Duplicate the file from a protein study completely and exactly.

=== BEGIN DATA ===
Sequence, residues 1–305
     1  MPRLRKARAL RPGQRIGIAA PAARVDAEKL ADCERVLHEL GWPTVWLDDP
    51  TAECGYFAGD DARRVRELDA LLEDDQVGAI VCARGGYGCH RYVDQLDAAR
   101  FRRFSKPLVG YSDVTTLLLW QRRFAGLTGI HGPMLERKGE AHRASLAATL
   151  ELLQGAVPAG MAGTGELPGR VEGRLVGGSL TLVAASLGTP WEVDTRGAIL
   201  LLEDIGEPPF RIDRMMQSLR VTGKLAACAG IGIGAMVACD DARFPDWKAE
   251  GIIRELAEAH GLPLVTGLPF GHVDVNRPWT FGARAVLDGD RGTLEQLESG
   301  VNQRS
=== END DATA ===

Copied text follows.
Sequence, residues 1–305
     1  MPRLRKARAL RPGQRIGIAA PAARVDAEKL ADCERVLHEL GWPTVWLDDP
    51  TAECGYFAGD DARRVRELDA LLEDDQVGAI VCARGGYGCH RYVDQLDAAR
   101  FRRFSKPLVG YSDVTTLLLW QRRFAGLTGI HGPMLERKGE AHRASLAATL
   151  ELLQGAVPAG MAGTGELPGR VEGRLVGGSL TLVAASLGTP WEVDTRGAIL
   201  LLEDIGEPPF RIDRMMQSLR VTGKLAACAG IGIGAMVACD DARFPDWKAE
   251  GIIRELAEAH GLPLVTGLPF GHVDVNRPWT FGARAVLDGD RGTLEQLESG
   301  VNQRS